Galloway has attacked net zero targets, advocated for clean coal extraction and spread misinformation about climate change.

In December, Galloway called for a net zero referendum in a post on the social media platform X. On his YouTube talk show in August 2022, Galloway spread the false claim that people would be forced to “eat insects” to tackle climate change, adding, “I think this net zero is one of the biggest hoaxes in modern politics.” He then took a swipe at climate activist Greta Thunberg, a regular target for climate deniers, calling net zero “a 14-year old schoolgirl leading grown men and women up the garden path.”

The following month, he again dismissed climate warnings from activists like Thunberg, arguing that the main climate risk came from NATO and the “military industrial complex”. He said: “We are facing climate catastrophe; not man made the likes of Greta Thunberg talks about, but through our own governments.”   

Galloway has also called for more fossil fuel extraction. In an X post in March 2022, a month after Russia’s full-scale invasion of Ukraine, Galloway wrote: “Britain needs to ice its [Net] Zero fantasy, step up its oil exploitation [and] invest in peaceful nuclear energy and seek to re-harvest the 1,000 years of coal under our feet employing clean-coal technology. Our Energy policy is hopelessly unbalanced.”

From 2008 to 2013, Galloway worked as a presenter for Press TV, the English-language channel run by the Iranian government. From 2013 to 2015 Galloway was paid £100,000 to present a show on RT (Russia Today), Russia’s equivalent. Both countries are major oil and gas producers. The channels have since had their broadcasting licences revoked by Ofcom for breaking its rules (Galloway’s broadcasts were not referenced in the ruling). 

Paul Ellison – Conservative Party

Little is known about the climate views of Conservative candidate Paul Ellison, who has been dubbed “Mr Rochdale” in the local press.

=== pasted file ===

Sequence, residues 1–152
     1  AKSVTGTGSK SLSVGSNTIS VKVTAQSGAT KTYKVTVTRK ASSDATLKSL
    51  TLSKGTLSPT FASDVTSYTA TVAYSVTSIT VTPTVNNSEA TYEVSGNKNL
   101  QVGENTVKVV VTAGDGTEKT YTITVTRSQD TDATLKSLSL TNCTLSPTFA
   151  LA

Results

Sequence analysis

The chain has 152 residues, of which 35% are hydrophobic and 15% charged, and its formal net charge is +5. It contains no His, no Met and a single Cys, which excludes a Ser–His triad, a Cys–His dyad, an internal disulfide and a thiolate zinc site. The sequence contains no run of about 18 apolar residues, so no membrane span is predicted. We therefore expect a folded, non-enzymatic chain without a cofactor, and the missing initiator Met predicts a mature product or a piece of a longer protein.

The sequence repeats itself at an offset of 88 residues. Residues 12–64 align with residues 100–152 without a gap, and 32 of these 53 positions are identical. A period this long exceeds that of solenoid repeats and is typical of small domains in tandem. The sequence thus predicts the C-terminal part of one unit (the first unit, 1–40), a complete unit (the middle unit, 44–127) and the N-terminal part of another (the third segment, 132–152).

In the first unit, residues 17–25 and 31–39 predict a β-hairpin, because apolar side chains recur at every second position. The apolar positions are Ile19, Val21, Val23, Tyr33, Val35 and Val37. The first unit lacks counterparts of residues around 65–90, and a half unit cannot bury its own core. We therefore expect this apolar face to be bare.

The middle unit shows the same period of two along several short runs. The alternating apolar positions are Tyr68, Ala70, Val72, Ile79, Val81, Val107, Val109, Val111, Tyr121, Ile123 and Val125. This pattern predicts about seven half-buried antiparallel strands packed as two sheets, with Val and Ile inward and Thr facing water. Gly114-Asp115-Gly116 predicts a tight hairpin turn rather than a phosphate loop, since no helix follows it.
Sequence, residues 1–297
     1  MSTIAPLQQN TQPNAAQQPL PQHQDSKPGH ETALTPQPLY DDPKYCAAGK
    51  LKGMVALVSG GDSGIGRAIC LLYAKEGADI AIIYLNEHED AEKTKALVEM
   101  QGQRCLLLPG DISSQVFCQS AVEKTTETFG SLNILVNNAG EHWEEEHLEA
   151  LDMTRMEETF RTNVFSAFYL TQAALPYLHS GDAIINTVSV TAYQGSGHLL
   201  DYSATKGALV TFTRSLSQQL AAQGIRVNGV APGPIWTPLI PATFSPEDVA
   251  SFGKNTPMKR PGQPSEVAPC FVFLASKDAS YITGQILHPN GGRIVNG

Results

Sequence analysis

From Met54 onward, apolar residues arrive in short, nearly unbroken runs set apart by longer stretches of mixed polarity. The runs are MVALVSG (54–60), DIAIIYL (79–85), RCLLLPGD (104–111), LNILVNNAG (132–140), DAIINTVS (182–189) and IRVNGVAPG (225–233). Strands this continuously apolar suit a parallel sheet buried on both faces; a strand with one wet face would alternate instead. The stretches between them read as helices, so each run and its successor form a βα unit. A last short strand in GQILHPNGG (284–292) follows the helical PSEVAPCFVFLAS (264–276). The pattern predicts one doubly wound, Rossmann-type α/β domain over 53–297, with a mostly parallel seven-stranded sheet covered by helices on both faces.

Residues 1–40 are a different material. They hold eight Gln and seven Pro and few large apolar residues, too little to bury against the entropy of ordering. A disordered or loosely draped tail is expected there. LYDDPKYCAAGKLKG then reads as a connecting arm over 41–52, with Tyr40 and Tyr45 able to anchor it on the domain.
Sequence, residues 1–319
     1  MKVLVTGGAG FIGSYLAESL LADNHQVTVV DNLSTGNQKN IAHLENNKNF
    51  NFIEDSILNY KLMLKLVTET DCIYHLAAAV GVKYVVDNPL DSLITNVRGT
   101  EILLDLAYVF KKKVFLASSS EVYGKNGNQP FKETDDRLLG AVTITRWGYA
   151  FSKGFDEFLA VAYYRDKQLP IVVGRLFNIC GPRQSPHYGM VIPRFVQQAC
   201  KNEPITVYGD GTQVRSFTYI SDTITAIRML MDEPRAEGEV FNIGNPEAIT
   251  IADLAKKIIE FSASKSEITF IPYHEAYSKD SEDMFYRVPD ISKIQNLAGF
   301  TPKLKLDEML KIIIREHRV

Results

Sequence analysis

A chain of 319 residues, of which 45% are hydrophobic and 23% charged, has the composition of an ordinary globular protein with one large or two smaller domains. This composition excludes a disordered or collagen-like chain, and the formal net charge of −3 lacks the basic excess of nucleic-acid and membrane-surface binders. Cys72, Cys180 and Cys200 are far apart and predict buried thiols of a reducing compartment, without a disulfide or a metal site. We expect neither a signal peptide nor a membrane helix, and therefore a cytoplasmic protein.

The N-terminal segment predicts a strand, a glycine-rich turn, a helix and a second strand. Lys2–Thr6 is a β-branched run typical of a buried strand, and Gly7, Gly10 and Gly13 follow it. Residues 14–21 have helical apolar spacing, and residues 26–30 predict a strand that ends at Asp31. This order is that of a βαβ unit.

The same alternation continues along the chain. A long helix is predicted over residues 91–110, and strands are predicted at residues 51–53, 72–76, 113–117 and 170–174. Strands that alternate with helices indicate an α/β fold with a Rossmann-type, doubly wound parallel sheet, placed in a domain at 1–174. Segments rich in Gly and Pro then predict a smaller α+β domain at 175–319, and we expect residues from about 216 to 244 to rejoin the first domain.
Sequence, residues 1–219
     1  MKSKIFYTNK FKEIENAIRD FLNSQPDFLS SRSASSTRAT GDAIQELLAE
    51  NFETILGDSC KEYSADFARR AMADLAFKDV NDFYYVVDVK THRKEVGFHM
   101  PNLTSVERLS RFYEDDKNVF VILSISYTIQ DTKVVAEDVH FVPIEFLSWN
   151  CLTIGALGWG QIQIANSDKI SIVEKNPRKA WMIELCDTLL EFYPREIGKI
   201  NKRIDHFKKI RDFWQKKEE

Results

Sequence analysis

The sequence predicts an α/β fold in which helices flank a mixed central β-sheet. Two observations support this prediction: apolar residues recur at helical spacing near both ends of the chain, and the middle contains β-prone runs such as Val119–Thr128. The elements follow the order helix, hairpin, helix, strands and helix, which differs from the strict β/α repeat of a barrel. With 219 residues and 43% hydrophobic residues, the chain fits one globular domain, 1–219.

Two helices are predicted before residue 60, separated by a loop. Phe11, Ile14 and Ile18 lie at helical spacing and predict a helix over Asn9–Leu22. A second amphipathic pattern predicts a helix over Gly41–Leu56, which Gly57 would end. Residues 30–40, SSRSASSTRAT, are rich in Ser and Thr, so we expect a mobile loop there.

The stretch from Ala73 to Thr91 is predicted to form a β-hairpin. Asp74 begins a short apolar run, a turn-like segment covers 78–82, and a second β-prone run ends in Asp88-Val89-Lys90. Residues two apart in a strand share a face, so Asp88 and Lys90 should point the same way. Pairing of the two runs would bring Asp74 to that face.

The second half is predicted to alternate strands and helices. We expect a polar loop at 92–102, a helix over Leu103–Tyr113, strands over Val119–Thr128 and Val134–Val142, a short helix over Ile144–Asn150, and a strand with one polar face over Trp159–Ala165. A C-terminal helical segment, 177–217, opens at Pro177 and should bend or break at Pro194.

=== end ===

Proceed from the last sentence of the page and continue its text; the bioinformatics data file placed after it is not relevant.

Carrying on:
According to a favourable profile in Rochdale Online, Ellison has been active in the local community protecting green spaces, and is credited with winning Rochdale recognition by the Royal Horticultural Society In Bloom awards. 

He does not appear to have commented publicly about climate change. 

Azhar Ali – Independent (formerly Labour Party)

Newly independent candidate Azhar Ali criticised the government’s U-turns on net zero in September, accusing the Prime Minister of “playing to the climate change deniers in his own party”. 

He doesn’t appear to have commented publicly about Labour’s weakening of its own net zero plans. Earlier this month, the party dropped its pledge to invest £28 billion per year in green measures, cutting its spending plans by 75 percent to £23.7 billion in total. Labour says it will still  keep to its target to decarbonise the UK’s power grid by 2030.

The party opposes new North Sea exploration, but supports unproven carbon capture and storage (CCS) technology on existing rigs. Earlier this month, Labour leader Keir Starmer said current pipelines would “continue for decades”. 

In October 2016, Ali attacked plans to introduce fracking for shale gas in Lancashire, saying on Twitter (now X): “Conservative government gives green light to the ‘rape’ of our environment.”

Iain Donaldson – Liberal Democrats

Lib Dem candidate Iain Donaldson has said he wants to hold the government to account on “water companies polluting the rivers with filthy sewage”, among other issues. In a 2017 tweet he criticised the then U.S. President Donald Trump’s withdrawal from the Paris climate agreement. 

Donaldson was one of eleven of the party’s 15 MPs who voted against the Offshore Petroleum Licensing Bill this week, while four abstained. The Liberal Democrats propose moving the net zero target forward five years to 2045 and support large investments in renewable energy.

A Liberal Democrat spokesperson said Donaldson had opposed the oil and gas bill, which “fails to take vital steps to grow the UK renewable energy sector and reduce energy bills, and fails to form a coherent path to net zero”.

“Iain wants to see the de facto moratorium on onshore wind farms lifted,” they added, “and allow the expansion of the cheapest form of energy to drive down bills in this cost of living crisis, and reduce our emissions helping to slow climate change.”

Mark Coleman – Independent

After dropping its own candidate, the Green Party has urged its members to back Reverend Mark Coleman, who has put climate at the forefront of his campaign.

Twice arrested for climate protest, Coleman was sentenced in April 2023 to five and half weeks in prison for blocking the M25 and other roads with campaign group Insulate Britain. 

Just Stop Oil has also asked its supporters to back Coleman. In a statement, the climate protest group said he is “the only candidate in the Rochdale by-election worth voting for”.

In a campaign blurb for local news outlet Rochdale Online, Coleman calls for “radical action on climate right now to stand any chance of a safe and stable future”. 

All candidates named in this article were contacted for comment.

 Additional reporting by Phoebe Cooke.

Adam Barnett - new white crop
Adam Barnett is DeSmog's UK News Reporter. He is a former Staff Writer at Left Foot Forward and BBC Local Democracy Reporter.